The Giants on Tuesday hired Green Bay Packers quarterback coach Ben McAdoo as their new offensive coordinator after a quick two-week search.
The Packers have not announced who would fill McAdoo's shoes, though it presumably would be running backs coach Alex Van Pelt. Van Pelt, who was added to the coaching staff in 2012, played quarterback for the Bills for nine seasons. He served as the Bills' quarterbacks coach in 2008 and 2009 and was promoted to offensive coordinator during the 2009 season. He was Tampa Bay's quarterbacks coach in 2010 and 2011. Josh Freeman's best season as quarterback came in 2010, when he threw 25 touchdowns against six interceptions.
"Ben is an excellent football coah," Van Pelt said last week. "Obviously, he's going to have room for growth wherever it is. I'm the running back coach right now. Not to speculate on anything. I'm very happy with my guys. I love my room. I really enjoy the experience the last two years of coaching running backs but I work for Coach Mike (McCarthy), and whatever Coach Mike asks me to do, I'm going to do with everything I got. If he wants me to clean the bathrooms, I'll do that."
The hiring of the 36-year-old McAdoo is a strong indication that there will be changes next season after the offense underperformed under longtime coordinator Kevin Gilbride in missing the playoffs for the fourth time in five seasons.
"I think this is the best coach for the job," Giants coach Tom Coughlin said. "With his experiences, I think he brings a lot to the table. Our players are going to be exited to hear what he has to say."
McAdoo has spent the past eight seasons mentoring under Mike McCarthy and his uptempo offense. The first six years were as the tight ends coach and the last two working with the quarterbacks.
"We have a great opportunity in front of us and I can't wait to get started," said McAdoo, who interviewed for the job on Monday. "This is obviously a big step. It's also another step in the progression of a coach's career. It's a golden opportunity for me. It's an opportunity I feel I've been groomed for. And I look forward to it."
While the Giants weren't afraid to go for the big play under Gilbride, they were a very traditional offense, stressing the run and a balanced attack. It did lead to two Super Bowl titles, but it looked stagnant this past season with an injury plagued offense line and sub-par season by two-time Super Bowl MVP Eli Manning.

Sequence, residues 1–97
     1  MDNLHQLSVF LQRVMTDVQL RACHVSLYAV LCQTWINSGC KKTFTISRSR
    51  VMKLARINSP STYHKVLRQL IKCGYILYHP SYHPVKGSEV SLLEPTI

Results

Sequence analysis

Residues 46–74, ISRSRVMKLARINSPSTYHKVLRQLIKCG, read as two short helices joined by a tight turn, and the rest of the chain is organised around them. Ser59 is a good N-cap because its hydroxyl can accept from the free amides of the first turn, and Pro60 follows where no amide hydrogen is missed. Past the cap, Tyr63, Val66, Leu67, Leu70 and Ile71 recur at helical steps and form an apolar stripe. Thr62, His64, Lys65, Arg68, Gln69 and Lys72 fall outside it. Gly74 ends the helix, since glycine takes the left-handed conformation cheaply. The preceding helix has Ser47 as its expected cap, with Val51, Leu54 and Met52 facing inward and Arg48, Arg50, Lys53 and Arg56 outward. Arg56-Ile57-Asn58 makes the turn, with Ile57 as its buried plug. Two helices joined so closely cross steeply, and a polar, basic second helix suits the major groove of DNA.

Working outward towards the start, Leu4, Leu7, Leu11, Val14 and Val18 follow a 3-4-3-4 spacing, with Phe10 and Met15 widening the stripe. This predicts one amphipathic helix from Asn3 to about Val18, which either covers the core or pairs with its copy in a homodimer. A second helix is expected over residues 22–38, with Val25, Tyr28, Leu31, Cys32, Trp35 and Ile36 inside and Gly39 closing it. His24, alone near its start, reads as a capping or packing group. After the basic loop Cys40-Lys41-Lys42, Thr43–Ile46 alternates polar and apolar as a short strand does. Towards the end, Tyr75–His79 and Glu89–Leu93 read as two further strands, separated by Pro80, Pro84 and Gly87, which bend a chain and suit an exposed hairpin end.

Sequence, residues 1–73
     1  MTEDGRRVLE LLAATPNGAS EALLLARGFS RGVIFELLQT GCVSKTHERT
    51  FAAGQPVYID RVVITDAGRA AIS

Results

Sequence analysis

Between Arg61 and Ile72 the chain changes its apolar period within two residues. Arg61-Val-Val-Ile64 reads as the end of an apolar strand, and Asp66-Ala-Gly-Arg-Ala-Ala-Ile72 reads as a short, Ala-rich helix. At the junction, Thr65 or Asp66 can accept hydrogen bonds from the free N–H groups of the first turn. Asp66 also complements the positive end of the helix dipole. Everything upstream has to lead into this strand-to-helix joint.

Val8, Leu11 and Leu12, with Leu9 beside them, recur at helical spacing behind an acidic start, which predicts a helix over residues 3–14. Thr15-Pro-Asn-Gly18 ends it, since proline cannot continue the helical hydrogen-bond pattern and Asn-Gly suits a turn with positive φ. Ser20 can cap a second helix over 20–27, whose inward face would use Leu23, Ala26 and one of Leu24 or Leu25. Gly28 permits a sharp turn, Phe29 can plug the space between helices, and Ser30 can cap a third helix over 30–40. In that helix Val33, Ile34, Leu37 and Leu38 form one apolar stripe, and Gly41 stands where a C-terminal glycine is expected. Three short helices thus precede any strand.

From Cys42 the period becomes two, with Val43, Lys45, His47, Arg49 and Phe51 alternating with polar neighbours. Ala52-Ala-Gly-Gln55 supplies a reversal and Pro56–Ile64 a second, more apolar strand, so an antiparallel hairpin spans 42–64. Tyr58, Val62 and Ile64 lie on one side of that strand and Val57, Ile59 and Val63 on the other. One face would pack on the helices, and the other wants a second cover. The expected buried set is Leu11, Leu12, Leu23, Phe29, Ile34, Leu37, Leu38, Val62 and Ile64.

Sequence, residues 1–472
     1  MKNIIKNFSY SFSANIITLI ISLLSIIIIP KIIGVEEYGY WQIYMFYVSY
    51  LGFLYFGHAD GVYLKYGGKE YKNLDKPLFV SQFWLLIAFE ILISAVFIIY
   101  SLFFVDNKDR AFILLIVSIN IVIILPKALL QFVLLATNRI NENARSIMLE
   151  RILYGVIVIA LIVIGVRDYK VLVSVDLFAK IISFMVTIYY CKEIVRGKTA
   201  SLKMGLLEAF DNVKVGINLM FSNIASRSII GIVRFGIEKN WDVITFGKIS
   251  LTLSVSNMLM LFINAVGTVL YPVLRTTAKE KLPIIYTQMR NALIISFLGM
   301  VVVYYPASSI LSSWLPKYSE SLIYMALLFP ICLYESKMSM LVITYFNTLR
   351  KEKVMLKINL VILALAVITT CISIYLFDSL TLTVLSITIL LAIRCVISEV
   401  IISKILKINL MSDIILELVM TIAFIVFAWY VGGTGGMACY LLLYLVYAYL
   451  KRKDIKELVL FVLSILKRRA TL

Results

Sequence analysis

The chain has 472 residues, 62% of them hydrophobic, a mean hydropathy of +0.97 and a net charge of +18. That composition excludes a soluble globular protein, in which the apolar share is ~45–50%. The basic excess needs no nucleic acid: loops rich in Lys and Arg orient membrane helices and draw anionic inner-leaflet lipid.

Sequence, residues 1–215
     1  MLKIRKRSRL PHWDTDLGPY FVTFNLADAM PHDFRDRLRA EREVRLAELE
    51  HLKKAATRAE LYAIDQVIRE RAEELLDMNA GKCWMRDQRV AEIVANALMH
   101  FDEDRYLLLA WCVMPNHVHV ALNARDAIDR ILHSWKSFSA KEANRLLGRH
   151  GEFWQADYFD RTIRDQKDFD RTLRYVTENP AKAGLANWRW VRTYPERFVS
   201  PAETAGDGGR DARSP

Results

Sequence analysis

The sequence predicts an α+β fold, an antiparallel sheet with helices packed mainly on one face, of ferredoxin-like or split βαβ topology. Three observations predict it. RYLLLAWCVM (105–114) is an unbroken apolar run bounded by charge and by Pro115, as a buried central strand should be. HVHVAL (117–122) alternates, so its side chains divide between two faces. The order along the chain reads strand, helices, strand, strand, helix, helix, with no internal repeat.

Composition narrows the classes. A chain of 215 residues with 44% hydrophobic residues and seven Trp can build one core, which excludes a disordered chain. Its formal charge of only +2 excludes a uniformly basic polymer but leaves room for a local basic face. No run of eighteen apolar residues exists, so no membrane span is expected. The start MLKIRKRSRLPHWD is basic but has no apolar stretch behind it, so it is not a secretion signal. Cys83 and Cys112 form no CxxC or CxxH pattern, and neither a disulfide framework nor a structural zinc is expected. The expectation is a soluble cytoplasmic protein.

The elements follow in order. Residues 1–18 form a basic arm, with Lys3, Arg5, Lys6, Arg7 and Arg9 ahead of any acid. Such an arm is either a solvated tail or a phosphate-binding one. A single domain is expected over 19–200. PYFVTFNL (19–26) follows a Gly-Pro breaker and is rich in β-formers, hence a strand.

Gilbride retired after the season, insisting the poor season did not influence his decision and that he was not forced out.
The Giants ranked 28th in the NFL in both yards (307.5) and points per game (18.4) in 2013. Green Bay's offense was third in the league in yards a game (400.3) and tied for eighth in scoring (26.1 points a game).
"I've heard a lot of good things about Coach McAdoo," Manning said. "I was able to talk to him over the phone last week and we had a great conversation. Obviously he's had a ton of success in Green Bay and I look forward to working with him and improving our offense."
The Packers won the NFC North despite having quarterback Aaron Rodgers missed seven games with a broken left collarbone.
After Rodgers was injured, McAdoo had to work with three different starters — Seneca Wallace, Scott Tolzien and Matt Flynn, who started four straight games before Rodgers returned for the regular-season finale against Chicago and the playoffs.
"Think about what they overcame this year in Green Bay," Coughlin said. "One of them (Flynn) wasn't even on their roster to start the season. And they still got in the playoffs. We beat them when Tolzien was in there. Then Flynn came in and they won a critical, critical game with him at quarterback in Dallas. They lost to the Steelers when they could have cushioned their opportunity a little bit. The ball was down in close and it just got away from them. But then they beat Chicago (in Week 17 in a winner-take-all game."
The Giants interviewed four candidates in their search and many believed the job would go to former Giants quarterbacks coach and recent Tampa Bay offensive coordinator Mike Sullivan, However, his ties to the past might have worked against him with team co-owner John Mara looking for changes.
New York also interviewed former Tennessee Titans offensive coordinator Dowell Loggains and former Houston Texans quarterbacks coach and UCLA coach Karl Dorrell.
"He's a very detail-oriented, meticulous teacher, a fundamentalist, first and foremost," Coughlin said. "I was very, very impressed by the presentation that he made, in terms of the fundamental details of his presentation, whether it is quarterback fundamentals, offensive philosophy. I was just very, very impressed with that."
McAdoo has also worked with the Niners and Saints and coached in college at Fairfield, Stanford, Akron, Pittsburgh and Michigan State.
Manning has played in the same offensive system during his 11 seasons with the Giants, so this will be a learning year.
"Here's what I expect," Coughlin said. "I think the players will respond to this. We're going to try to compromise the system with what we have here. However, there will be change. And that change will be very positive and very well-received by our team and our players. And if our players are scrambling around to learn a new system - good. That's another fire in their rear end."